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Pope Urban Ii

POPE URBAN II. (Odo or Otho or Eudes de Lagary), pope from the 12th of March 1088 to the 29th of July 1099, was born of knightly rank at Lagary (or Lagery or Lagny), near Reims. He studied for the church, became archdeacon of Auxerre, and later joined the congregation of Cluny. Displaying great ability as reformer and theologian, he was chosen subprior of the celebrated monastery. He was created cardinal-bishop of Ostia in 1078 by Gregory VII., to whom he displayed such loyalty, especially as papal legate in Germany (1084), that he was imprisoned for a time by Henry IV. He was designated by Gregory as one of four men most worthy to succeed him, and, after a vacancy of more than five months followirig the decease of Victor III., he was elected pope on the 12th of March 1088 by forty cardinals, bishops, and abbots assembled at Terracina, together with representatives of the Romans and of Countess Matilda. He frankly took up the policy of Gregory VII., but, while pursuing it with equal determination, showed greater flexibility and diplomatic skill. Throughout the major part of his pontificate he had to reckon with the presence of the powerful antipope Clement III. (Guibert of Ravenna) in Rome; but a series of well-attended synods at Rome, Amalfi, Benevento and Troia, supported him in renewed declarations against simony, lay investiture, and clerical marriages, and in a policy of continued opposition to Henry IV. He maintained an alliance with the Norman Duke Roger, Robert Guiscard's son and successor, and united the German with the Italian opposition to the emperor by promoting the marriage of the Countess Matilda with young Welf of Bavaria. He aided Prince Conrad in his rebellion against his father and crowned him king of the Romans at Milan in 1093, and likewise encouraged the Empress Praxedis in her charges against her husband. By excommunicating Philip I. of France for matrimonial infidelity in 1095, Urban opened a struggle which was not terminated until after his death. Invited to Tuscany by the Countess Matilda, he convoked a council at Piacenza in March 1095, attended by so vast a number of prelates and laymen that its sessions were held in the open air, and addressed by ambassadors of Alexis, the Byzantine emperor, who sought aid against the Mussulmans. Urban crossed the Alps in the summer, and remained over a year in France and Burgundy, being everywhere reverently received. He held a largely attended council at Clermont in November 1095, where the preaching of the First Crusade marked the most prominent feature of Urban's pontificate. Thenceforth until his death he was actively engaged in exhorting to war against the infidels. Crusaders on their way through Italy drove the antipope Clement III. finally from Rome in 1097, and established Urban firmly in the papal see. With a view to facilitating the crusade, a council was held at Bari in October 1098, at which religious differences were debated and the exiled Anselm of Canterbury combated the Eastern view of the Procession of the Holy Ghost. Urban died suddenly at Rome on the 29th of July 1099, fourteen days after the capture of Jerusalem, but before the tidings of that event had reached Italy. His successor was Paschal II.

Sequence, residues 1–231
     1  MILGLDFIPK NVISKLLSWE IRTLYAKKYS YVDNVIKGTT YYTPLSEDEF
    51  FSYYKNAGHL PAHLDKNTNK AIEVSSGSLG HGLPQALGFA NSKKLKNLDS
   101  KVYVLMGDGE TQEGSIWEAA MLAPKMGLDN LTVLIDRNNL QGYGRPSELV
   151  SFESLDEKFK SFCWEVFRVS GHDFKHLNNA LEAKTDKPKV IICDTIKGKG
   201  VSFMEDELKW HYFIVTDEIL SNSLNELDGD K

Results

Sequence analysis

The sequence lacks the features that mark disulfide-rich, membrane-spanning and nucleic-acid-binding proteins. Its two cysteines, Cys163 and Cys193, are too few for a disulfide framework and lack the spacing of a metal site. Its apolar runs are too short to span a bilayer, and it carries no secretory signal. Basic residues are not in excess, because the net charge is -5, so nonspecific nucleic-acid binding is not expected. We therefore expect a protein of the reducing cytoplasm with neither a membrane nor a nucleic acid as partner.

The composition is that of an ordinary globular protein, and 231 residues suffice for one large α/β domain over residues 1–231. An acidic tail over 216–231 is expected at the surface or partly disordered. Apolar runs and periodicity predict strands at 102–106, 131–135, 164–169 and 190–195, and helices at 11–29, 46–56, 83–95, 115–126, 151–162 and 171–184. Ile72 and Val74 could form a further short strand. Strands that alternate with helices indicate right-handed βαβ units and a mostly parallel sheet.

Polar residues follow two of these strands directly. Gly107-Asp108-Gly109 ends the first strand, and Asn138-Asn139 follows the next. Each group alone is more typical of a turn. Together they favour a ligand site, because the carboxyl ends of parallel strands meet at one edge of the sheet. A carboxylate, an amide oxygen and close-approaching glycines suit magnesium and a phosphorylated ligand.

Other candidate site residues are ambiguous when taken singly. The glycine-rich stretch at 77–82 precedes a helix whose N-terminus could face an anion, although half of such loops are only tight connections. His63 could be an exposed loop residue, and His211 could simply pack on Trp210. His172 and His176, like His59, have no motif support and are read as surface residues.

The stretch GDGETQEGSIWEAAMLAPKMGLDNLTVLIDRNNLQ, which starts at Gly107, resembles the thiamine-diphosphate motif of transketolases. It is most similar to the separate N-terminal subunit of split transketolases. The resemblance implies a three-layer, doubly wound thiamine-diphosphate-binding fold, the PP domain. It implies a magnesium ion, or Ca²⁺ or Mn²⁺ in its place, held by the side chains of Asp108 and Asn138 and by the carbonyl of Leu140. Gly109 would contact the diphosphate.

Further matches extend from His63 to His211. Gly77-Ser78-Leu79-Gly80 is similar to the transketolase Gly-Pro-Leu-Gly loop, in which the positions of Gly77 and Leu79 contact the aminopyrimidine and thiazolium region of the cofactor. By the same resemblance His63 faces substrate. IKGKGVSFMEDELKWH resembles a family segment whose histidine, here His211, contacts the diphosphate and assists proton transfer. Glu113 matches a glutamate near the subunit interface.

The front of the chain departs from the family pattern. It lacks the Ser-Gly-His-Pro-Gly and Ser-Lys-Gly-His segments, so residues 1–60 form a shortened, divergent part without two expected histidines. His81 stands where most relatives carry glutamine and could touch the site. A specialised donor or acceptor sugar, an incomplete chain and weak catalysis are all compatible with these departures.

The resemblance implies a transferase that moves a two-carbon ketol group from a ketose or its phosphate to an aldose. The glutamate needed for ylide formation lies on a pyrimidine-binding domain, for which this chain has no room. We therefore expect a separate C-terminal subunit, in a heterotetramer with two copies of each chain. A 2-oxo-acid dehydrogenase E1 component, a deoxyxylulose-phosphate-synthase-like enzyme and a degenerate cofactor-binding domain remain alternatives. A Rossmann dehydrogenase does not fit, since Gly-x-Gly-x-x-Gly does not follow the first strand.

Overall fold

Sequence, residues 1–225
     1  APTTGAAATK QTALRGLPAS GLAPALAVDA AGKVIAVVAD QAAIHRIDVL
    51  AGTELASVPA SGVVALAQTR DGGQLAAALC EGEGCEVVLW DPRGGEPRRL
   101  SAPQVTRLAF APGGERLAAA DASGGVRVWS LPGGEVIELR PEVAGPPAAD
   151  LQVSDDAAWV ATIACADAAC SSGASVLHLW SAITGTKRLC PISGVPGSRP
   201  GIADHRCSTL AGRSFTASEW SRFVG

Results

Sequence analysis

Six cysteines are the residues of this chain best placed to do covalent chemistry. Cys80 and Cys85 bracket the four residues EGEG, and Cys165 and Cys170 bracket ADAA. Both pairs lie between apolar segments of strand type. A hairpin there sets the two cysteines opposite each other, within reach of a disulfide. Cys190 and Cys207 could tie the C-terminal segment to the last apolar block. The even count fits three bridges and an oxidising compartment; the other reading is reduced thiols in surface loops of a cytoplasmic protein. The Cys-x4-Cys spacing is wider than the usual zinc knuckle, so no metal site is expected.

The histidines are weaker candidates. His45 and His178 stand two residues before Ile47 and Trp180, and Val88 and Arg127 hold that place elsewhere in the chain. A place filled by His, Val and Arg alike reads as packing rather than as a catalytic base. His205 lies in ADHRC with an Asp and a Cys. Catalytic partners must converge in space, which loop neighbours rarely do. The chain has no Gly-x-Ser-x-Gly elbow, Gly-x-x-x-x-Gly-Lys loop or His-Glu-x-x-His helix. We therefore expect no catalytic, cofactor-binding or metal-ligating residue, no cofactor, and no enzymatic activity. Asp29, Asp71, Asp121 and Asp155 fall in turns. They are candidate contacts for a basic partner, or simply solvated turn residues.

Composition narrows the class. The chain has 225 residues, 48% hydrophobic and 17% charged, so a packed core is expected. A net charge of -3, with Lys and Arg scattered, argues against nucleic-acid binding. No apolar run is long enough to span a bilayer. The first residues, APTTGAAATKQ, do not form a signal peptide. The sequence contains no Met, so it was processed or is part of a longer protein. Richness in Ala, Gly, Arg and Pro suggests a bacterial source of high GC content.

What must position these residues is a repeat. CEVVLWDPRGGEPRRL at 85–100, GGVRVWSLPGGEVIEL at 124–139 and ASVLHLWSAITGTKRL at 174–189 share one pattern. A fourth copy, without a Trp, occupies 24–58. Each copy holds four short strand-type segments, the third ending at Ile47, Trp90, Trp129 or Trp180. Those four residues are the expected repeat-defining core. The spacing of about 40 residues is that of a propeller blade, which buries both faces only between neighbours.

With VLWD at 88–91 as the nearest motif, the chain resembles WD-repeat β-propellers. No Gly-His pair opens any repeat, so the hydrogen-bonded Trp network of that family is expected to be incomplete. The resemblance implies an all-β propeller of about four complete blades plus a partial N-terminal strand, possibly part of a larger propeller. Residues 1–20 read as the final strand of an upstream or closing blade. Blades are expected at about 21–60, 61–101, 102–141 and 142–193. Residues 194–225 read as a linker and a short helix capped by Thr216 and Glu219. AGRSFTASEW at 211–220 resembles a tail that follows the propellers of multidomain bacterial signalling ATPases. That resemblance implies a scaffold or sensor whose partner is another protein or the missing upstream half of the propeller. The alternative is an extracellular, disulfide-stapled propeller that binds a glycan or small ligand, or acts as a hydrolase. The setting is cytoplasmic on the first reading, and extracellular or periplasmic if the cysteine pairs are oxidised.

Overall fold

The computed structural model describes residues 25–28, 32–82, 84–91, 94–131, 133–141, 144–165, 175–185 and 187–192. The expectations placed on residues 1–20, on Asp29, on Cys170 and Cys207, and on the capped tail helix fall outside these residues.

It is well established that Urban preached the sermon at Clermont which gave the impetus to the crusades. The sermon was written out by Bishop Baudry, who heard it, and is to be found in full in J. M. Watterich, Pontif. Roman. Vitae. Letters of Urban are published in J. P. Migne, Patrol. Lat., vol. 151.

See J. Langen, Geschichte der romischen Kirche von Gregor VII. bis Innocenz HI. (Bonn, 1893); F. Gregorovius, Rome in the Middle Ages, vol. 4, trans, by Mrs G. W. Hamilton (London, 1900-2); K. J. von Hefele, Conciliengeschichte, vol. 5 (2nd ed., 1873-90); Jaffe-Wattenbach, Regesta pontif. Roman, vol. I (1885-88); H. H. Milman, History of Latin Christianity, vol. 3 (London, 1899); M. F. Ste'n, Zur Biographic des Papstes Urbans II. (Berlin, 1883); A. de Brimont, Un Pape au moyen age Urbain II. (Paris, 1862); W. Norden, Das Papsttum und Byzanz (Berlin, 1903); Gigalski, " Die Stellung des Papstes Urbans II. zu den Sacramentshandlungen der Simonisten, Schismatiker und Haretiker," in the Tubinger theol. Quartalschrift (1897).

Note - this article incorporates content from Encyclopaedia Britannica, Eleventh Edition, (1910-1911)

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